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You don’t want to miss out on witty, intelligent, and realistic espionage fiction that doesn’t rely on car chases, gun battles, and irrelevant sex to keep you reading, do you? Of course not!
My espionage fiction offers a strong, intelligent female protagonist who relies upon her wits not her…uh, anatomy to accomplish her missions. If you like Paretsky’s V.I. Warshawsky, Grafton’s Kinsey Milhone, or J.D. Robb’s Eve Dallas, you’ll love Mai Fisher. Add in a handsome, mysterious Soviet defector, current and past events “ripped from the headlines,” and adventures in some of the world’s hottest hot spots–what more could you ask for?
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1. A Perfect Hatred: End Times, Book One of a four-book series.
2. A War of Deception – Winner of the 2017 New Apple Award for Excellence in Independent Publishing, Best Historical Fiction
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The eBook of A War of Deception has been on sale for the month of December. With a week left in the year, would you give me a hand in getting that word out?
There’s a site called “ThunderClap It” which makes it easy for you to share the news of the sale on your social media platforms. It’s totally free and quick to use. (Hey, if I can figure it out…)
Click here to share the 99-cent sale for the eBook of A War of Deception.
Thanks, and happy holidays!
Being joyful at this time of year has always been a struggle for me. Early in my life, my father was in the military, but we didn’t live on base with him. Quite often he didn’t get holiday leave to come home, which meant my mother was in a hellish mood. There were several December holidays without him.
There wasn’t much of an improvement after he got out of the military because of strains in his and my mother’s marriage. I often longed to be anywhere except at my house at this time of year.
One Christmas Eve when I was around sixteen and didn’t much care but my brother was nine and still very much into holiday decorations and what Santa would bring, we got ready to put up and decorate our tree. (I suspect because both my parents had British backgrounds, that was why our tree didn’t go up earlier in the month.) The fresh-cut tree was in its stand, the tree skirt precisely placed beneath it, and… There were no hooks for the ornaments.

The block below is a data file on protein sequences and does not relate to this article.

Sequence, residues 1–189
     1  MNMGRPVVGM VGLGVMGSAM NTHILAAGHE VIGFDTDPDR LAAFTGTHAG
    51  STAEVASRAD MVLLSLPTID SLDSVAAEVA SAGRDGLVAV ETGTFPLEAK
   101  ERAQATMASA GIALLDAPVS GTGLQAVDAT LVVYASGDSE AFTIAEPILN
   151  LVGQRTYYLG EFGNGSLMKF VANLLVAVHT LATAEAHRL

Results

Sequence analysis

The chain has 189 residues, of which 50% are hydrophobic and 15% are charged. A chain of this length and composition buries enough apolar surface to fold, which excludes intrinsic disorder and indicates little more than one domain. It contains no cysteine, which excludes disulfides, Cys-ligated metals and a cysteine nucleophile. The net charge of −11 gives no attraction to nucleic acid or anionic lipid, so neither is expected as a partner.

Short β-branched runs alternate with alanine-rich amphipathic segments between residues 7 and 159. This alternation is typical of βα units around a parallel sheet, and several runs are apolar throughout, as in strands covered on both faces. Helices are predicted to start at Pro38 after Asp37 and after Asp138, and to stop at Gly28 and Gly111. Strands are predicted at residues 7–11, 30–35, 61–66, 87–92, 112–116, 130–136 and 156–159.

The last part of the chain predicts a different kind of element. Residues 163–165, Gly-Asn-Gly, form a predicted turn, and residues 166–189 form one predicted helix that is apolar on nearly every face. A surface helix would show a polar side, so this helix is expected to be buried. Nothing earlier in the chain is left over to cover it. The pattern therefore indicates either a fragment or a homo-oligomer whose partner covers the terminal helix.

I’ve always suspected my mother tossed them out because she was never much of a Christmas person. She saw the holiday as extra work put on her to cook, clean, buy and wrap presents, and decorate the house for the holiday. As a feminist, I can understand that. There was very much a division of “man’s work” and “woman’s work” in my house growing up. Her reasoning might have been, “No ornament hooks, no decorating, no tree, no extra work for me.”
This was Christmas Eve close to forty years ago in a small, Virginia town. Nothing would be open to go buy ornament hooks–no CVS, no Target, no Wal-Mart. Nada.
Being a teenager, I was “meh.” My brother, however, was convinced that without a tree it wasn’t really Christmas. He was close to tears.
My Dad went to the tool kit he kept in the house and got a pair of needle-nose pliers. Next, he went to his desk and took out a container of paper clips. He sat in his recliner and began shaping those paper clips into ornament hooks. True to his nature, each one was perfect. It took hours and hours: big tree, lots of ornaments. My mother eventually grasped the reality of it and improved her mood, my brother got more and more excited as each ornament went on the tree, and even this disinterested teenager got into the spirit.
This year will be thirty-seven Christmases without my father, more than I had with him. Each year I bring that memory of him to mind, sitting in his chair and doing what he could to make the holiday meaningful to his children. And it’s the best reminder of what the holidays should mean to families.
It’s my favorite holiday memory, ever.
What’s your favorite holiday memory? Share in the comments.